“There Are Two Kinds of Quilters.”

posted in: Day In The Life, Quilting, Work 34
My practice square from this afternoon. It ain't perfect, yet, but so what! I love applique! Photo: Me.
Messing around with a little practice needle-turn this afternoon. It ain’t perfect, yet, but so what? I love applique! Photo: Me.


Over the years of being around quilters, hearing quilters’ stories, and telling my own, I’ve come to believe that for those of us who come to quilting later in life—by that I mean people who did not grow up sewing and making quilts—there are two paths that lead us to the quilting life: joy…or pain.

Think about it: happy events like the birth of a baby, a graduation, or nuptials are perfect occasions for the gift of a quilt and indeed, many quilters point to such an occasion as the reason they got started in the first place. The baby quilt is such a popular rationale for a person’s first quilt, we in the business like to joke that it’s “the gateway drug.

Intrigued? I hope so!

That’s an excerpt from my latest Quilt Scout column, which went up today. My friend and colleague Rhianna — named after “Rhiannon,” the Fleetwood Mac song, how awesome is that?! — at Quilts, Inc., said it was her favorite column I’ve written so far. Thanks, Rhi.

Click over and read the full piece if you like, then swing back through the ol’ PG and tell me: How did you come to quilting?

However it happened, I’m glad you’re here.


Patriot Gift Shop.

posted in: Uncategorized, Washington 1
Detail, Pueblo Indian garment. Photo: Me
Detail, Pueblo Indian garment, National Museum of the American Indian. Photo: Me

To the number of friends I need to return calls and texts from: forgive me. Feeling poorly then mustering the will to still get out and do things with my friend before he leaves has me stretched a thin. I will repay you in cups of coffee shared in an air-conditioned cafe. It is so blinkin’ hot and humid here everyone is constantly wet and warm to the touch. It’s sexy, really.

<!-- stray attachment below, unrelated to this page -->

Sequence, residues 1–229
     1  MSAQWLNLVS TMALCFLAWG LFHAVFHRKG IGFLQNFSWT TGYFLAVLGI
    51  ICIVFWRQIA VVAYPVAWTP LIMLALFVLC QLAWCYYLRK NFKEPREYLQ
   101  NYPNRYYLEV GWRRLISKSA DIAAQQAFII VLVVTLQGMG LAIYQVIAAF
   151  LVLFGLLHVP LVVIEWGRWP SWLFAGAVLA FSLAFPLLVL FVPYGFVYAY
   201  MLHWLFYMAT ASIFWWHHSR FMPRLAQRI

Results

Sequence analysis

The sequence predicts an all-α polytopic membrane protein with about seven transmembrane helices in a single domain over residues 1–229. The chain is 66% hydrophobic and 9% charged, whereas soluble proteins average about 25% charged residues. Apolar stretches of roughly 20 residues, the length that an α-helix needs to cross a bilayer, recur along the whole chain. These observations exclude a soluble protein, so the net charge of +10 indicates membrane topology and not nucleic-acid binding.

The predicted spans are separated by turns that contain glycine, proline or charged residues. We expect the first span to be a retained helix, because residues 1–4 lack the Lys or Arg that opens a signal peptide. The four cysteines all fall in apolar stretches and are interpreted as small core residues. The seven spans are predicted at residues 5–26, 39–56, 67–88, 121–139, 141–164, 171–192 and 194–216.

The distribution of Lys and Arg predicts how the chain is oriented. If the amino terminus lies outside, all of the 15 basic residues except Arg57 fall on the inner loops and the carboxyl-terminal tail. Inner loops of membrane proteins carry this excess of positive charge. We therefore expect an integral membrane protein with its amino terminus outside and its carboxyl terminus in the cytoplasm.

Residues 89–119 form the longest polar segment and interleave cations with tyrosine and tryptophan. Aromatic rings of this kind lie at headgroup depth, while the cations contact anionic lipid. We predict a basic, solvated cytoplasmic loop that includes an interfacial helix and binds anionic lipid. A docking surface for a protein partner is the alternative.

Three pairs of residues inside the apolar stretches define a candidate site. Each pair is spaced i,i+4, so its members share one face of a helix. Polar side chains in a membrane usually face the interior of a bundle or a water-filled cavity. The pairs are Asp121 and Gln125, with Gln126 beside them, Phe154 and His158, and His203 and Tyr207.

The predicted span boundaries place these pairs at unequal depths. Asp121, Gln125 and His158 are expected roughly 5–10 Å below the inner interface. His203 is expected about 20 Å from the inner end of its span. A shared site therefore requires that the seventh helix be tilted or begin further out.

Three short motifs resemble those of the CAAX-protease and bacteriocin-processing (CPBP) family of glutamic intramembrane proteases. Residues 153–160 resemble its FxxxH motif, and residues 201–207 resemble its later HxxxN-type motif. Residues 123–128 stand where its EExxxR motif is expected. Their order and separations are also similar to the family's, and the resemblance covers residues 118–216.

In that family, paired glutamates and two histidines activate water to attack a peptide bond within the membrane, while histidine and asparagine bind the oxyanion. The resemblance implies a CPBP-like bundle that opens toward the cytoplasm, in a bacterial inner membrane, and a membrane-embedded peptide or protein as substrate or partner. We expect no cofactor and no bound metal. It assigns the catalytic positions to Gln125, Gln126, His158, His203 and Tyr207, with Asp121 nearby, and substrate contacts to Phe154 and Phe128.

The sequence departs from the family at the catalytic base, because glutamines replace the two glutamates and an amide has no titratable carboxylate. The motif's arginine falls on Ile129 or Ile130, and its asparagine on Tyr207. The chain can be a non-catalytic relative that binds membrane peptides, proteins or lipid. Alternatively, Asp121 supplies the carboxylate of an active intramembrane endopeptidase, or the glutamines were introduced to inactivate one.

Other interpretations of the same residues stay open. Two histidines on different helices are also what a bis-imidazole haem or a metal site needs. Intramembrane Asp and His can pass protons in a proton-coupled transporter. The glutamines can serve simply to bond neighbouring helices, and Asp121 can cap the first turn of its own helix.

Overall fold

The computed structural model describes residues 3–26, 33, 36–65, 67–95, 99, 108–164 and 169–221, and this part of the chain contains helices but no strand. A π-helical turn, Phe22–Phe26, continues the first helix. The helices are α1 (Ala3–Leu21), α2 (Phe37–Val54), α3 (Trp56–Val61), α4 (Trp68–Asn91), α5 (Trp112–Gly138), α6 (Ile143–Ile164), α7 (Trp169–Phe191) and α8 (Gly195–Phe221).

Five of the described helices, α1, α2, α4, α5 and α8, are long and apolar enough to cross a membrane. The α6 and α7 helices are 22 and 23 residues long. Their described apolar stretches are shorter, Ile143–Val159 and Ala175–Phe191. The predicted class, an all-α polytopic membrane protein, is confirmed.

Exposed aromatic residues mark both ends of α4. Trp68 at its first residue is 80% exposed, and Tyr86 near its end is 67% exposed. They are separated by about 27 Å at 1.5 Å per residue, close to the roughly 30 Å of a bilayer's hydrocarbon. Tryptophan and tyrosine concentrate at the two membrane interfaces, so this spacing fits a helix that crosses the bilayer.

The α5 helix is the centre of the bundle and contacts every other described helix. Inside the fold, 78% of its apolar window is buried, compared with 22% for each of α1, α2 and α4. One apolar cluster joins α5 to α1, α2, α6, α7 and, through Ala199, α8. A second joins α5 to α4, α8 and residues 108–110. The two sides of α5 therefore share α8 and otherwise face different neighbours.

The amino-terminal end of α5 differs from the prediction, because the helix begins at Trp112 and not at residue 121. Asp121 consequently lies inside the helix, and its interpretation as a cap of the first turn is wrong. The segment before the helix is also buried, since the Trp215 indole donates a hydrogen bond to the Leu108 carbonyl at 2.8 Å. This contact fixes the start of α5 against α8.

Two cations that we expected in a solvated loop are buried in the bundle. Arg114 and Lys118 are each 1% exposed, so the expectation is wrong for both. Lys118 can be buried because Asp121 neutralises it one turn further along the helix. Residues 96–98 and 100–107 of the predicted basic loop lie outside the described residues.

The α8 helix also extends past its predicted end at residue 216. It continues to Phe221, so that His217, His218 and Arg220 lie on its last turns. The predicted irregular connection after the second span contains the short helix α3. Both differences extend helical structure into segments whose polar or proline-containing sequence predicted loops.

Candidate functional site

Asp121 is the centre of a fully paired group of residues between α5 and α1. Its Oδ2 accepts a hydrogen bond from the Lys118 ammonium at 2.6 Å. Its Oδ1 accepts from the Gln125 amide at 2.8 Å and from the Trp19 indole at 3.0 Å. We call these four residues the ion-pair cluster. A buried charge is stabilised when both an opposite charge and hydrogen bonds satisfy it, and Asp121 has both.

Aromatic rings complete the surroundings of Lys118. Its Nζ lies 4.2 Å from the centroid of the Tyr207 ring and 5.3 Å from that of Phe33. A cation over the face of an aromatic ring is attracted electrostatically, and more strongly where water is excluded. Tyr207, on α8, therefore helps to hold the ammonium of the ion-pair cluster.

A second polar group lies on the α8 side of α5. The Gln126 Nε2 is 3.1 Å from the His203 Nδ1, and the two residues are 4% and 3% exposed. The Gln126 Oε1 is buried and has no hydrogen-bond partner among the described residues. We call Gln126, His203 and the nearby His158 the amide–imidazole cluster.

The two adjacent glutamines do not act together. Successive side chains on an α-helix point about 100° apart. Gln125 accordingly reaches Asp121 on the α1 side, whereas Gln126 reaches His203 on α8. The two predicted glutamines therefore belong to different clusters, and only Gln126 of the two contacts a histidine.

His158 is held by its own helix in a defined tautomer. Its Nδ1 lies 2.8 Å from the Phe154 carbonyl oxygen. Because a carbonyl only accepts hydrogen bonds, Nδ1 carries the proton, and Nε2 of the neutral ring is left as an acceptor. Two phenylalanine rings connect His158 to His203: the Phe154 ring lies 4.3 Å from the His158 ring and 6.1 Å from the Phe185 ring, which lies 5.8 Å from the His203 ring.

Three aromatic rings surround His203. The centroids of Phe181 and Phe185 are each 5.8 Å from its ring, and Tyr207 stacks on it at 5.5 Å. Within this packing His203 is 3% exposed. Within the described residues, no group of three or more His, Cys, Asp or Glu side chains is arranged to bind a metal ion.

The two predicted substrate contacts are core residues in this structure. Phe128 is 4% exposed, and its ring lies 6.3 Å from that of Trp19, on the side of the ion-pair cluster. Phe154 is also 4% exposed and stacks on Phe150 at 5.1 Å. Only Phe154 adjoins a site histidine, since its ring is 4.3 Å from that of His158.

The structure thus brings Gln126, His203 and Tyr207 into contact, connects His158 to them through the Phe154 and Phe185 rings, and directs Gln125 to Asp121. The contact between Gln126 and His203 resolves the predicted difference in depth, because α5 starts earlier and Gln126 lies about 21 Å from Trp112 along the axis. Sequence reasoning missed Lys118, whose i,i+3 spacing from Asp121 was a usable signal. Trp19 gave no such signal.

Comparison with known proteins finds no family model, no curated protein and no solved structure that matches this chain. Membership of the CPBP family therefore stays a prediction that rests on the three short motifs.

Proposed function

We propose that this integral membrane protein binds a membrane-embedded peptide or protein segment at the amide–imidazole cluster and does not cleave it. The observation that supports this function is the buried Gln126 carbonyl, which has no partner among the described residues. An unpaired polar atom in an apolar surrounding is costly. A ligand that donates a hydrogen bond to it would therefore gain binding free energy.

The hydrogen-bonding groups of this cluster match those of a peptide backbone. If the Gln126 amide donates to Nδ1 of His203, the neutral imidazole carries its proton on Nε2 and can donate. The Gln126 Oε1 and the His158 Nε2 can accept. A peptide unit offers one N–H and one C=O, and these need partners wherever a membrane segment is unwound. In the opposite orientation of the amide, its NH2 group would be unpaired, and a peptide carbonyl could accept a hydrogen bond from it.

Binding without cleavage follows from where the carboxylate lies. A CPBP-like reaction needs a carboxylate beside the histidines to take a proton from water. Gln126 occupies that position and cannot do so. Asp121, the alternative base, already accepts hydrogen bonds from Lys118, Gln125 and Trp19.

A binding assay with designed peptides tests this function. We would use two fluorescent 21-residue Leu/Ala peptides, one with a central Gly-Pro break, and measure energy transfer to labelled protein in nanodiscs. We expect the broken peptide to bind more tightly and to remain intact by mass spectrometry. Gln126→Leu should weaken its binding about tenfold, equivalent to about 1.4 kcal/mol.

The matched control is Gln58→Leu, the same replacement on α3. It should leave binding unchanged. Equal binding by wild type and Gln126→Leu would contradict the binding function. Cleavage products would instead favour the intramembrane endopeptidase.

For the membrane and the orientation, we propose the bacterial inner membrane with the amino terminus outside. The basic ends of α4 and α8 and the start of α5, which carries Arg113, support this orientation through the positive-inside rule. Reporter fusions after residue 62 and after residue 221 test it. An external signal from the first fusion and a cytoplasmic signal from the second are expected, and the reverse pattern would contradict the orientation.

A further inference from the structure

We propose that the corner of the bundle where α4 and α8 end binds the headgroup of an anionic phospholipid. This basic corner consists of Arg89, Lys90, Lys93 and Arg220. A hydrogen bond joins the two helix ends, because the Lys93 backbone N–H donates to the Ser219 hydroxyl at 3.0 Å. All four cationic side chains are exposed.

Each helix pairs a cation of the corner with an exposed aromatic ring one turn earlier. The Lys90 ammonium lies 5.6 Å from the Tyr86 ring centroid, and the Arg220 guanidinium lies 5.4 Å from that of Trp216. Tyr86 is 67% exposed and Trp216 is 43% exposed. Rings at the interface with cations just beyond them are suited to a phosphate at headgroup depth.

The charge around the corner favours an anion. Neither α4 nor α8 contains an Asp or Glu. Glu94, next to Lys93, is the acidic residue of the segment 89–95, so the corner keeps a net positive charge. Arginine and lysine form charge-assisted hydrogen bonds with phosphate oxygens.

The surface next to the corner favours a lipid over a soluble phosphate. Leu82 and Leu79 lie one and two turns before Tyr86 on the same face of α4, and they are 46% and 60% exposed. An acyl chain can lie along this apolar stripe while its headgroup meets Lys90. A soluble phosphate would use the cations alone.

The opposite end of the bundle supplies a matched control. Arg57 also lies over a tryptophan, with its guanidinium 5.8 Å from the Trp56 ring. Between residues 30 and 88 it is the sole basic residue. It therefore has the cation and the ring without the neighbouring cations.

Yesterday, I spent time at the National Museum of the American Indian. Between that visit and the visit a few days ago to the Museum of American History, my patriotism looks like it’s been taken into a back alley and been given a lesson with a baseball bat.

Here’s a definition for you:

patriot (n.) A person who vigorously supports their country and is prepared to defend it against enemies or detractors

I’m on board with the “prepared to defend it against enemies” part. If Country X tried to invade my hometown of Winterset, IA., I’m on the next plane to Des Moines and I’ll be taking that baseball bat with me, thank you very much. I could not understand how someone would choose not to defend their home against someone who wanted to take it. There’s pacifism and there’s pacifism.

But Dictionary, you usually solve all my problems and this time you have not. This is not helpful, Dictionary: “a person who vigorously supports their country.” Dictionary, either you’re being vague or the word “patriot” (and “patriotism”) is problematic. I think it’s the latter, Dictionary, but don’t go anywhere, yet.

I support democracy as a concept. I support the idea of state’s rights and federal rights. I vigorously support freedom of speech, the freedom to assemble, definitely a free press, etc. But to “support [my] country” is impossible. Straight up, no chaser, support my country? No way. That would imply blind faith. It would imply the end of inquiry. It would imply I’m not reading the news. It would imply that everything I saw yesterday at the American Indian Museum about white settlers’ merciless cruelty toward and ungodly ruin of the people living peacefully in what is now Winterset, IA (for example) was justified and played out just the way it should’ve played out. I don’t support that. I reject that and need to excuse myself to go vomit. Am I still a patriot?

Perhaps being a patriot means questioning all of this, being an active participant in the discussion of one’s national culture or national identify. But that’s not what you said it means, Dictionary, and in a few days I’ll be at Monitcello and there are slave’s quarters there, so.